Drexel Food Lab Students Compete to Combat Food Waste
by Alex McKechnie
News Officer, Office of University Communications
Students from the Drexel Food Lab in Drexel University’s Center for Hospitality and Sport Management served up a series of unique dishes before a panel of judges to see which recipe — all incorporating a new flour created from vegetable by-product — had the most potential appeal to consumers. The contest, sponsored by corporate partner Baldor Specialty Foods, a leading northeast produce distributor, was devised as part of a larger company initiative to combat industry-wide food waste, a program they call SparCs (“scraps” spelled backwards).
“We asked the talented young minds at the Drexel Food Lab to find a tasty way to incorporate this vegetable blend made from excess food trim into mainstream recipes,” said Thomas McQuillan, who heads up the SparCs initiative at Baldor Foods. “We wanted to see how well this vegetable blend works in the test kitchen and what kind of dishes they’d produce.”
Each of the recipes featured the new dried vegetable blend created from food trim: the part of produce that would have traditionally been discarded in the kitchen. The competing dishes included:
- A veggie flour biscuit sandwich
- A veggie flour spaetzle
- Blini trio with toppings
- Carrot cake
- Vegetable flour rice
- Quinoa balls
- Powder-based smoothie
The contest took place this past February in the Drexel Food Lab at the Paul Peck Problem-Solving and Research Building (101 N. 33rd Street). Judges included local chef Keith Taylor of Zachary’s BBQ, Whole Foods Northeast Forager Elly Truesdale and Thomas McQuillan from Baldor Specialty Foods. They judged the dishes on taste, visual appeal and use of the vegetable blend. The winning recipe and the two runner-ups will be featured in Baldor’s industry blog Baldor Beet and received a gift bag of kitchen supplies. The winning recipe was also featured and served at the Philly Chef Conference that took place at Drexel on March 6 – 7, 2016.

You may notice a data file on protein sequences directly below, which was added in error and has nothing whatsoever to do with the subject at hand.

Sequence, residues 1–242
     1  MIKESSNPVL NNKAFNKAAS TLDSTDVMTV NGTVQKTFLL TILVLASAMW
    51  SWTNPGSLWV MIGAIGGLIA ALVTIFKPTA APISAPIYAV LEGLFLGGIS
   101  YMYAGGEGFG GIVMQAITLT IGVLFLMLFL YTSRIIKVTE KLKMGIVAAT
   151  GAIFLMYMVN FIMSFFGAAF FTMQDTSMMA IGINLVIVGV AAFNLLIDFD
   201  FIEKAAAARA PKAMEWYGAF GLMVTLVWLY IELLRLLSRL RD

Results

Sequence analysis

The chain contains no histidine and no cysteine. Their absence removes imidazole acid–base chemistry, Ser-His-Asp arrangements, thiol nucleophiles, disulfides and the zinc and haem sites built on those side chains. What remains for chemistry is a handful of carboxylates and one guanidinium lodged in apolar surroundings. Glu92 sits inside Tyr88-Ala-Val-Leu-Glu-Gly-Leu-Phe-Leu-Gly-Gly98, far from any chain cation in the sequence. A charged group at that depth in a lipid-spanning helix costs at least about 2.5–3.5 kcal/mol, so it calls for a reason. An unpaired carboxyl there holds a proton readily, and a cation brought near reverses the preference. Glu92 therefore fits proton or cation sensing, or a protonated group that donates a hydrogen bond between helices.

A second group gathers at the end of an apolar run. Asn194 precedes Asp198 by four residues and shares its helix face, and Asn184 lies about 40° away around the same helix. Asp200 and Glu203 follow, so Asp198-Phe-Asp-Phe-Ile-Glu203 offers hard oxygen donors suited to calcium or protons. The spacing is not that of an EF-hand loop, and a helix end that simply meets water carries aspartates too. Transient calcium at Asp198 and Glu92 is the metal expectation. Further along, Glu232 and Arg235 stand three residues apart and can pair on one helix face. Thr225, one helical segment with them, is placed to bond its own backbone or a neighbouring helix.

“The Drexel Food Lab prides itself on solving real-world food problems,” said Jonathan Deutsch, PhD, professor of culinary arts and food science at Drexel, who founded the Food Lab. “Food waste is a significant global problem; this vegetable blend from Baldor may take us all one step closer to a commercially viable solution.”
In addition to the judging panel, members of the press were invited to taste the students’ dishes.
The Drexel Food Lab has been working with the veggie blend and other SparCs for the past few months — as well as developing new products made from SparCs — to see how they work in consumer and foodservice applications.